Musings: Sacred Circle

Of all my treasures, my relationships are the most cherished. Having little enthusiasm for most entertainment venues, shopping or travel adventures, I channel my energy mainly into people and ideas, always in search of resonance with the elusive truth. Truth means it’s true for everybody — a balanced, fair and impartial path to follow. Earth revolves around the sun; all people are created equal. Although some may try to dispute it, the truth always holds up under scrutiny. You will feel more balanced and empowered being around people living the truth; their steady vibration makes your energy want to resonate with the same stability.

Long ago I accepted the truth that my relationships are a mirror of myself. As yoga teacher Julie Rost writes in this issue’s article “Yoga Wisdom for Modern Relationships”: “In short, we attract to us the people and situations that match our existing thoughts.” When you are innocent and filled with beauty and magic, naturally a hummingbird appears, traditional harbinger of joy and love, as seen in Claudia Tremblay’s artwork on this page. Who wouldn’t want to see a magical hummingbird reflected back in self-image?

But all too often we’ll encounter more unflattering reflections. Even though I might think it’s my neighbor who is loud and disturbing to me — I don’t blare outdoor speakers every weekend all summer long, he does — just listen to the relentless inner critic of mine who has disturbed my peace day and night for over five decades! Apparently, I am as ignorant about noxious noise as my neighbor. But if I only focus on his behavior that annoys me, I will miss my cue to notice the more sinister noise culprit within myself. And, of course, I won’t be able to like my neighbor very much either! Instead of allowing stress and frustration to define the situation, I can choose to appreciate the gift-in-disguise opportunity my contentious neighbor offers me to grapple with my own inner critic…and make sure to check out the local noise ordinances, as well!

This brings to mind Deepak Chopra’s ice cream cone manifestation metaphor: You can imagine holding an ice cream cone, you can see someone else walking by on the sidewalk holding one, you can find the cone actually in your own hand by preparing or purchasing it or having someone place it there for you. Manifestation occurs on many levels. Casual and intimate relationships, as well as chance encounters, all reveal valuable clues to help you reclaim the mystery pieces of your own identity. Every encounter you manifest potentially holds the gift of truth.

According to James Allen, pioneer of the self-help movement and author of the 1902 motivational classic As A Man Thinketh, “The soul attracts that which it secretly harbors; that which it loves, and also that which it fears.” In today’s world, we are faced with many terrifying and many exciting possibilities, all of which are reflected as potential choices we will make in our relationship to Earth and each other. It is no accident that social media and the Internet have exploded onto the scene at precisely this moment in time to enable alert and receptive people all over the planet to learn about, publicize and address pressing global issues such as climate change, women’s rights and sustainable food production.

The brave new world ruled by social media and the Internet that runs our lives through apps downloaded onto little plastic boxes called smart phones is like any new technology introduced to society and resisted by the old guard. Or is it? Author Susan McNamara writes in this issue, “…our children have turned to technology to give them what they need in terms of guidance and connection. We are putting them in the hands of something that does not, cannot, and will never, ever truly care about them.”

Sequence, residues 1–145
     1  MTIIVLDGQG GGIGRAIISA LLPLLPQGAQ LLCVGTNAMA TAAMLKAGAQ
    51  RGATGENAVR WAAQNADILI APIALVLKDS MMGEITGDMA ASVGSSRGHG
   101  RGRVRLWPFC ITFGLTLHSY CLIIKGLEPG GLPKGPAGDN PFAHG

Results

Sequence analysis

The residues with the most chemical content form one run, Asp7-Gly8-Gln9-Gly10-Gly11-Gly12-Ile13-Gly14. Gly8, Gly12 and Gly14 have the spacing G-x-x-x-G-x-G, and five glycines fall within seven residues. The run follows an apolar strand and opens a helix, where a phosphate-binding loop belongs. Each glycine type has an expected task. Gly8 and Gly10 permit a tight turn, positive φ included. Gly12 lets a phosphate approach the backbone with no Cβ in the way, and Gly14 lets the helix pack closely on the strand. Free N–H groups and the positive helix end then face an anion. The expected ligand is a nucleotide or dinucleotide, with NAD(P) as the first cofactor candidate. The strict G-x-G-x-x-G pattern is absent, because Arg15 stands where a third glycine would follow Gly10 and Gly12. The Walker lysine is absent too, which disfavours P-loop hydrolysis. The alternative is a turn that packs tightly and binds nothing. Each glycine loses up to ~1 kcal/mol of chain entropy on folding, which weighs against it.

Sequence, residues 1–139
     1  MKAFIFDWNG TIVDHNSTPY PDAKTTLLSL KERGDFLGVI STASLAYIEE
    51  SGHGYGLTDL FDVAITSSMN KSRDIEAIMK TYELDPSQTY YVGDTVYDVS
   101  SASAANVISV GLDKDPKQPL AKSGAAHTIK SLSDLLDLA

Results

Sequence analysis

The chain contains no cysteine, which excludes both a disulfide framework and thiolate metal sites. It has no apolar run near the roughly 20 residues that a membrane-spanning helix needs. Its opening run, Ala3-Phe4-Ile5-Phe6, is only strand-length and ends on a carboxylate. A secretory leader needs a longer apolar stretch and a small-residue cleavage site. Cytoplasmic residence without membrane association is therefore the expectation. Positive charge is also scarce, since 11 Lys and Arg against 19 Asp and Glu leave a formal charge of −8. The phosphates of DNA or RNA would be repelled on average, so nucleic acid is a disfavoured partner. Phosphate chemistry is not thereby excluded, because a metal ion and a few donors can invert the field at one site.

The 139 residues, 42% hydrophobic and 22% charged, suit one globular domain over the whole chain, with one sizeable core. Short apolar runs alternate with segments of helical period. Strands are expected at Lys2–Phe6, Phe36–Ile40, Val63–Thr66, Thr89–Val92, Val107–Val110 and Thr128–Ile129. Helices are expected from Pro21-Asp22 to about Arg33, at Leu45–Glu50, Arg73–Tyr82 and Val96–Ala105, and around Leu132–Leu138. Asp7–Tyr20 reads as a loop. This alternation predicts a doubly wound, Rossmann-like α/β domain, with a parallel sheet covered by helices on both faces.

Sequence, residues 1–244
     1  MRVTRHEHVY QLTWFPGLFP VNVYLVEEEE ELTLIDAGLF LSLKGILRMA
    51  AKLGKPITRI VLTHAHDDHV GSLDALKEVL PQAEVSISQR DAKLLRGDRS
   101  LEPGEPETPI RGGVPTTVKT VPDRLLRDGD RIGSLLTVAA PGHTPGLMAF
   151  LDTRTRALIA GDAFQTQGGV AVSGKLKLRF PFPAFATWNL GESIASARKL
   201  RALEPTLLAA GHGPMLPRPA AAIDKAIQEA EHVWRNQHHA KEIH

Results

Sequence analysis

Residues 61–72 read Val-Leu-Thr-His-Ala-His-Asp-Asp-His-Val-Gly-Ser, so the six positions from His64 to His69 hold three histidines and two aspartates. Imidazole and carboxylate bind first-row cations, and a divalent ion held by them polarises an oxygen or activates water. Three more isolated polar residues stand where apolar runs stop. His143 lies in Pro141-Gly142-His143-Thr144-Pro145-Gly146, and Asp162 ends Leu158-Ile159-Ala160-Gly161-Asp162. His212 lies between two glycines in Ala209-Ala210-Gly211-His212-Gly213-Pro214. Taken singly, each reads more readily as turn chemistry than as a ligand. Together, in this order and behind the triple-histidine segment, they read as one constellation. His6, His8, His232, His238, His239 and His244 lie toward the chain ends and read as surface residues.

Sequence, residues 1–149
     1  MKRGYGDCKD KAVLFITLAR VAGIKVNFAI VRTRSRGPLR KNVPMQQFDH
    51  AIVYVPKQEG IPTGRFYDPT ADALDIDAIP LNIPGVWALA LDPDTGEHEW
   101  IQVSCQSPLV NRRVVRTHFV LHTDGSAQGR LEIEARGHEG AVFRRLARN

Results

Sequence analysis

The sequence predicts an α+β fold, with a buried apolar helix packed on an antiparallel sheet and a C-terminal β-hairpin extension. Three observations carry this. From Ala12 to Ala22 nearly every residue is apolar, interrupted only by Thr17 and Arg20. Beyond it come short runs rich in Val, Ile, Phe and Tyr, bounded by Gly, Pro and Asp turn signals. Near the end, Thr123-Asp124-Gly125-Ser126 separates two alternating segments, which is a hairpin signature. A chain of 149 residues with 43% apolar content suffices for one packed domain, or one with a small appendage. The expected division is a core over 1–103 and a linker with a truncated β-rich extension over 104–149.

This could rewrite human evolution. What happens as children become more dependent on technology and less familiar with how to care for others who care for them? Just as disturbing is the withdrawal from nature and the outdoor world in favor of interacting with a screen. Most troubling is a screen set to a steady stream of interactive violence. How can we let our young people do this to themselves and our future?

Ideally, we will use this new technology for all its worth to clean up the planet and lift humanity out of its poverty, war and disease. Big goals, which must first be imagined and reflected back millions of times between believers before they can even be possible, so the small efforts of every individual doing their best counts plenty. As novelist Barbara Kingsolver notes:

“We all would rather believe that we can go on using our cars and our computers and our hair dryers and everything we turn on everyday, because it’s a great inconvenience for us to stop guzzling carbon-based fuel…For most of our [ancestral] existence we probably spent a large portion of our waking hours looking for food. Women did more of the foraging and men did more of the hunting, so women have subverted the foraging drive into shopping and men have subverted the hunting drive into sports. In the distant past you would have been the best forager in the village, but today you’ve got three hundred pairs of shoes.”

Eventually we will reach the tipping point in our disconnected, consumer-driven, technology-addicted culture and tap back into the power of the sacred circle that will have us looking towards each other and seeing hummingbirds again.

Carol Bedrosian is the publisher of Spirit of Change holistic magazine. Visit